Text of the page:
Background: Hantavirus pulmonary syndrome (HPS) is an infection endemic in Chile and Argentina, caused by Andes hantavirus (ANDV). The rodent Oligoryzomys longicaudatus is suggested as the main reservoir, although several other species of Sigmodontinae are known hosts of ANDV. Here, we explore potential ANDV transmission risk to humans in southern South America, based on eco-epidemiological associations among: six rodent host species, seropositive rodents, and human HPS cases. Methods: We used ecological niche modeling and macroecological approaches to determine potential geographic distributions and assess environmental similarity among rodents and human HPS cases. Results: Highest numbers of rodent species (five) were in Chile between 35° and 41°S latitude. Background similarity tests showed niche similarity in 14 of the 56 possible comparisons: similarity between human HPS cases and the background of all species and seropositive rodents was supported (except for Abrothrix sanborni). Of interest among the results is the likely role of O. longicaudatus, Loxodontomys micropus, Abrothrix olivaceus, and Abrothrix longipilis in HPS transmission to humans. Conclusions: Our results support a role of rodent species' distributions as a risk factor for human HPS at coarse scales, and suggest that the role of the main reservoir (O. longicaudatus) may be supported by the broader rodent host community in some areas.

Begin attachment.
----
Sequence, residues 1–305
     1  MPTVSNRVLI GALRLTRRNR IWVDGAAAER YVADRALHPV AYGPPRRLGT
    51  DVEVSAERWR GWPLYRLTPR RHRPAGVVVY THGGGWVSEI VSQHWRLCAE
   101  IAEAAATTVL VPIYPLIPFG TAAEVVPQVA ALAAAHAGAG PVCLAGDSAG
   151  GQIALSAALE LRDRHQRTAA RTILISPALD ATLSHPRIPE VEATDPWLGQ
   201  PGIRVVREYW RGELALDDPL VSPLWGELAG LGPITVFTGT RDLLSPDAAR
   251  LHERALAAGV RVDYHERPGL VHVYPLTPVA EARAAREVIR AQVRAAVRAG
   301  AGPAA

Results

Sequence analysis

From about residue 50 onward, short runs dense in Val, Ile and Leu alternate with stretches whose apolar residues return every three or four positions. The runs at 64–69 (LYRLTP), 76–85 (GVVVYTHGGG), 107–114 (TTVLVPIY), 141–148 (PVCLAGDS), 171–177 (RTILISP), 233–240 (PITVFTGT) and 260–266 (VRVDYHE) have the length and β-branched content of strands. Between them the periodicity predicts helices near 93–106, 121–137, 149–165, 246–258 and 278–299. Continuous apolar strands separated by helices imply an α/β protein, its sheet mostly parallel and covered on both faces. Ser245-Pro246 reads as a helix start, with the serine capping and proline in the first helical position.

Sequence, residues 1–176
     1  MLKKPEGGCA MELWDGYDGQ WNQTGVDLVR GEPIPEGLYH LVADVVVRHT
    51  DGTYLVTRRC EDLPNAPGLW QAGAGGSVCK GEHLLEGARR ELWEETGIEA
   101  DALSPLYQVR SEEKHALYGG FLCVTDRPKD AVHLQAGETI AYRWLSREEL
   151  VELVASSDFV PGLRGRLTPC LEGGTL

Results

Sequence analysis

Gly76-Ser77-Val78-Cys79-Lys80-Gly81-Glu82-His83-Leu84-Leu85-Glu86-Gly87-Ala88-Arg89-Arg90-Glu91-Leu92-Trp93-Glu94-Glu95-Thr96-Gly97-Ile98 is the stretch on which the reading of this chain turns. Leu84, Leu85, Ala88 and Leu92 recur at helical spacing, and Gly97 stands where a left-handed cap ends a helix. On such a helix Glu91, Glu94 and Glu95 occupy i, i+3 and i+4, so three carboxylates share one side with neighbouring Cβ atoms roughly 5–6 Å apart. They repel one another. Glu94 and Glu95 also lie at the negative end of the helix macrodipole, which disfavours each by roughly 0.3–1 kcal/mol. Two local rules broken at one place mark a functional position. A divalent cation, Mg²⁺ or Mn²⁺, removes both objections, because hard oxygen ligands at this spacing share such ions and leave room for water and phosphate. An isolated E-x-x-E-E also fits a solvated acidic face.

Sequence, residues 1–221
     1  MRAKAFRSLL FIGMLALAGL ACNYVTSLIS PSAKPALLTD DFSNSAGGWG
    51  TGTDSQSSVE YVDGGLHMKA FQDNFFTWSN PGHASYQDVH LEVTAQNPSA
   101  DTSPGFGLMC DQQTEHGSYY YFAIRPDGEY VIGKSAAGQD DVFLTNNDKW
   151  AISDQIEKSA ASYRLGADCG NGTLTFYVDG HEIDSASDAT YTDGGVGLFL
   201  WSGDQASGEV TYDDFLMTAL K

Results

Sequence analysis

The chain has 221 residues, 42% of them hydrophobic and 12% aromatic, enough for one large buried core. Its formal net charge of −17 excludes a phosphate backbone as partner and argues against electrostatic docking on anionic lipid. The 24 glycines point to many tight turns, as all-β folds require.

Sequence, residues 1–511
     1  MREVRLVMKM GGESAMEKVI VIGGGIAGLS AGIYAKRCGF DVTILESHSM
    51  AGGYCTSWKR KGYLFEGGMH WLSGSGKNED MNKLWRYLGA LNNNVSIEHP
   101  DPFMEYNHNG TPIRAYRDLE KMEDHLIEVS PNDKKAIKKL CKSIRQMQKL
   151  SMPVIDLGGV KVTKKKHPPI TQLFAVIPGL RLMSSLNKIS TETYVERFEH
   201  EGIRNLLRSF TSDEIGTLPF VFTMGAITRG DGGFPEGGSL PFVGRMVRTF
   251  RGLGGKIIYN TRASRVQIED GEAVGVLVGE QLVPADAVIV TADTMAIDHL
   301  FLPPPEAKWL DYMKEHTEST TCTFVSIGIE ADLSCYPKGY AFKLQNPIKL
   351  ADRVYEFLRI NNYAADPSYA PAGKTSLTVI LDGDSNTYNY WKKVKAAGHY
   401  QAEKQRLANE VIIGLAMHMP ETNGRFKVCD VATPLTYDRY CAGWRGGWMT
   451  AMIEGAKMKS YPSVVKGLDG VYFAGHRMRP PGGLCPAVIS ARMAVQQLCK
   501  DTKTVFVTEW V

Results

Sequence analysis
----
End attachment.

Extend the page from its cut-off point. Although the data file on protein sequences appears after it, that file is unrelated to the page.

- Andes hantavirus
- Ecological niche modeling
- Rodent reservoirs
ASJC Scopus subject areas
- Computer Science(all)
- Business, Management and Accounting(all)
- Public Health, Environmental and Occupational Health